We had a reputation as scholars all the way back, and certainly it was the place to be in the 7th century.
If you wanted higher learning, if you wanted advanced knowledge of the Bible or grammar or something like that, then you came to Ireland.
Perhaps the greatest bequest of the monastic tradition in Ireland was literary.
The monks transcribed the Bible and set down in writing ancient laws.
But not only in Latin.
They developed a written form of the people's Celtic tongue.
Religious and legal texts were translated into Gaelic by the intellectual elite.
Ireland had the most abundant vernacular literature in Europe.
One of the greatest examples is the Lebor Gabála Érenn, the Book of Invasions, an imagined history of Ireland.
This extraordinary book is the first written story of Ireland.
It purports to tell the story of how the Irish came into being.
The tales here come from the 7th century, and they would have a profound impact on the way the Irish came to see themselves.
What it says is that the Irish are at the centre of the world.
They are not a small, insignificant people.
It was woven together in the 11th century from earlier sources as a statement of Irish uniqueness.
They didn't want to be seen as peripheral people living at the edge of Europe.
One of the main themes in early Irish history is the sense that Ireland is central, culturally, to what happens in the Christian world.
So, what they do is they insert the Irish at various points into key events in world history.
So, what they're doing is they start off with the creation of the world in the Book of Genesis, so it's almost like the Scripture of Ireland, the Old Testament of Ireland.
And then they show the ancestors of the Irish appearing at various key events.
So, when Moses goes on the exodus, an Irish guy sort of pops up so he can find out what the Ten Commandments are.
They look about the sort of origins of their own language, and an Irish guy pops up at the Tower of Babel and he makes Irish from all of the best bits of the languages when they're divided up.
At a very early point, the Irish begin to write in Irish, and one of the things that Lebor Gabála does is it brings in an awful lot of traditional lore.
So you get elements of popular culture and elite culture being brought in together, along with sort of the learning of the Old Testament or of Christian writers.
What were they trying to do by setting it in such an international context, this idea that we came from everywhere? The basic framework which it takes is that Ireland has been populated by various waves of people over time.
Some of these people are invaders, some are more refugees than invaders, for example, and they admit that not everybody who lives on the island in the early medieval period are descended from one group of people.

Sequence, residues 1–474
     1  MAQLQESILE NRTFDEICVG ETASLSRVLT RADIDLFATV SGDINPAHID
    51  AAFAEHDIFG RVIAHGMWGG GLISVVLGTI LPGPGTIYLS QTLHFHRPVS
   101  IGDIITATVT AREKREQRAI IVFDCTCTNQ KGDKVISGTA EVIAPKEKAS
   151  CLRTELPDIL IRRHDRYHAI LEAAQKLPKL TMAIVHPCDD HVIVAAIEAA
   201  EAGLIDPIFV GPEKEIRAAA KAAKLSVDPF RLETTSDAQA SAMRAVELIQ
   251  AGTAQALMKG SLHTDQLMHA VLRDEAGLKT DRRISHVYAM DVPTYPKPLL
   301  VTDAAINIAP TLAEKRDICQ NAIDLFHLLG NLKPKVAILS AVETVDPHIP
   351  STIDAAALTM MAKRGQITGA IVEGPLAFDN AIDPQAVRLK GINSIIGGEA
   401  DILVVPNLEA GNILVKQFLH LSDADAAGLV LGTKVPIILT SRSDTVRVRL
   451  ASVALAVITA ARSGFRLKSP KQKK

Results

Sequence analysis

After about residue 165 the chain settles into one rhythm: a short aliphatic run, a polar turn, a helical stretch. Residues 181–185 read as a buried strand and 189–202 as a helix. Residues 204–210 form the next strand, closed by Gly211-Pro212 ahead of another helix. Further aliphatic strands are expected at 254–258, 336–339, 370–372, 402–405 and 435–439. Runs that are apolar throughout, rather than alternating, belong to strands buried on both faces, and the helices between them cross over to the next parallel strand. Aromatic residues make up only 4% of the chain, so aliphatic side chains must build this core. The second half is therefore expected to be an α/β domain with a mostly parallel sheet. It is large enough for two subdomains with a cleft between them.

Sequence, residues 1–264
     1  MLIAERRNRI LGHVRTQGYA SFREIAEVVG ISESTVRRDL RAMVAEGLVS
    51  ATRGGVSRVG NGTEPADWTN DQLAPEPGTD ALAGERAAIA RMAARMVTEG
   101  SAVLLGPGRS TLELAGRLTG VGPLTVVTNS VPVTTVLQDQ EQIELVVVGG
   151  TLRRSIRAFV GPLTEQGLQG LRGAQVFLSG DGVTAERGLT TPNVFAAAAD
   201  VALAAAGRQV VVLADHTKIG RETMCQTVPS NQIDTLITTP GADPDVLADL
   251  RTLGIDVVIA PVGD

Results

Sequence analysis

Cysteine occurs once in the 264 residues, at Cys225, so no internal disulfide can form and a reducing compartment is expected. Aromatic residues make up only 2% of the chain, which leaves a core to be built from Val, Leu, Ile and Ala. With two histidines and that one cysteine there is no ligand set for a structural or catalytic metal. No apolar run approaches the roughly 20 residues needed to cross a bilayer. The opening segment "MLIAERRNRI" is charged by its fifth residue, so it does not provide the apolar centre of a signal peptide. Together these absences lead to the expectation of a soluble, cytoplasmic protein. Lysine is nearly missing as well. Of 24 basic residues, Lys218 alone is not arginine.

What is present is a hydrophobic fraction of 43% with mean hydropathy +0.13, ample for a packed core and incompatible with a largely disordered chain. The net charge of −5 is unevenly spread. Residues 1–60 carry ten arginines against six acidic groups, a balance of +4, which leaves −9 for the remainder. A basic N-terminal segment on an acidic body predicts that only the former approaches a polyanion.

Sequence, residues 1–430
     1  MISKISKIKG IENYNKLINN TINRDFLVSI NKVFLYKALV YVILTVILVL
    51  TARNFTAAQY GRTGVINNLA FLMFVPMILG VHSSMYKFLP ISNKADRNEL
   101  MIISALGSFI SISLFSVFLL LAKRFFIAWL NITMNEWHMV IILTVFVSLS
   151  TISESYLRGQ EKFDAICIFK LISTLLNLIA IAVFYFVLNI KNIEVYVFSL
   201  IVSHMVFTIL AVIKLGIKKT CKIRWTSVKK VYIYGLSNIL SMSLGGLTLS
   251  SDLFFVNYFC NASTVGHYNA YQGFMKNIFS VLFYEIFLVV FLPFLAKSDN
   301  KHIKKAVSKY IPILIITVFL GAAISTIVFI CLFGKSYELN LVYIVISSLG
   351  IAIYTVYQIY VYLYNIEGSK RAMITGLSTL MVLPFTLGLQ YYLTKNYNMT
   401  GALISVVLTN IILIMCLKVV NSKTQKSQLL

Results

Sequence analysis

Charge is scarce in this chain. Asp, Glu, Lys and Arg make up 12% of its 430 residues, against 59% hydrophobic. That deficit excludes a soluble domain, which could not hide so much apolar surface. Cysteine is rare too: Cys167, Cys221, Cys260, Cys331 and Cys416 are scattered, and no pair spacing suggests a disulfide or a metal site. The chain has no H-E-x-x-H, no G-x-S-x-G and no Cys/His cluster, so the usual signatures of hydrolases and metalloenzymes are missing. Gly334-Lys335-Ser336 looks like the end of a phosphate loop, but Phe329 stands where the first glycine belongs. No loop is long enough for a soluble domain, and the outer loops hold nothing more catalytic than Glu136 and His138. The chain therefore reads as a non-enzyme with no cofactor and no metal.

So there is an acceptance in the Lebor Gabála that the Irish are of multiethnic origins.
At what point do we lose that sense of being part of something greater and take on board this narrow idea that it's us in a misty Celtic past - Yeah a people alone? Certainly from the 18th century.
If you look at the Irish themselves during this period when they're putting together the Lebor Gabála and the very elements that go into it, the one element they don't pick themselves is Celtic.
They know about the existence of groups called Celts and Gauls from classical writers.
They never identify with them.
In fact, they're far more confident about their identity, you could say, than maybe modern people are about theirs.
Irish monks would carry their Gospel across the seas.
Men like Brendan the Voyager, Colum Cille in the Irish kingdom of Dál Riata in Scotland, or Aidain at Lindisfarne in Northumbria.
"Now the Lord had said, 'Get thee out of thy country and from thy kindred "'and from thy father's house unto a land that I will show thee.
"' The words of Abraham, from the Old Testament, and they would echo in the minds of Irish monks.
At their heart, a simple concept in the Latin, potior peregrinatio, a lifelong pilgrimage for Christ.
And it would bring some of those Irish clergy here to the lands at the heart of the old Roman Empire.
The monks arriving in northern Italy in 613 had already established monasteries in Gaul.
Their zeal persuaded the powerful king of the Lombards to offer them land at Bobbio, in the Apennines.
These Irish churchmen brought their own version of Christianity.
They were told to avoid earthly temptation and Church power.
"Fear women and bishops," their leader said.
He was austere and querulous and a fierce disciplinarian.
His name was Columbanus.
It meant "dove".
But this reforming Irish monk railed against the abuse of power, sparing neither clergy nor princes from his censure.
Columbanus even had the temerity to confront the Pope.
It was a complex dispute about the dating of Easter.
To Columbanus, it wasn't simply spiritual pedantics, he felt he was standing up for something he truly believed in.
And when the Gallic bishops summoned him to account for himself, he simply refused to go.
He saw them as an elite, ministering only to the chosen few.
But Columbanus was deeply loyal to the idea of a Church led by the Pope from Rome.
He was a dissenter, not a revolutionary.
He looked beyond the monastery walls, imagining a Europe united in faith and culture.
In the letters and words of Columbanus, Europe heard an Irish voice that was learned, sometimes uncompromising, and always thoughtful.
At Bobbio he established one of the greatest libraries of the medieval world.
Columbanus described himself as a "dissenter whenever necessary".
I can't help thinking of James Joyce writing about setting out to forge the uncreated conscience of his race.
Columbanus, it seems to me, was doing it centuries before.
By the time he died, here in Bobbio, Columbanus had established a thriving monastic centre, and he would look back, too, at Ireland with some satisfaction.
For the monasteries were still producing great works of art.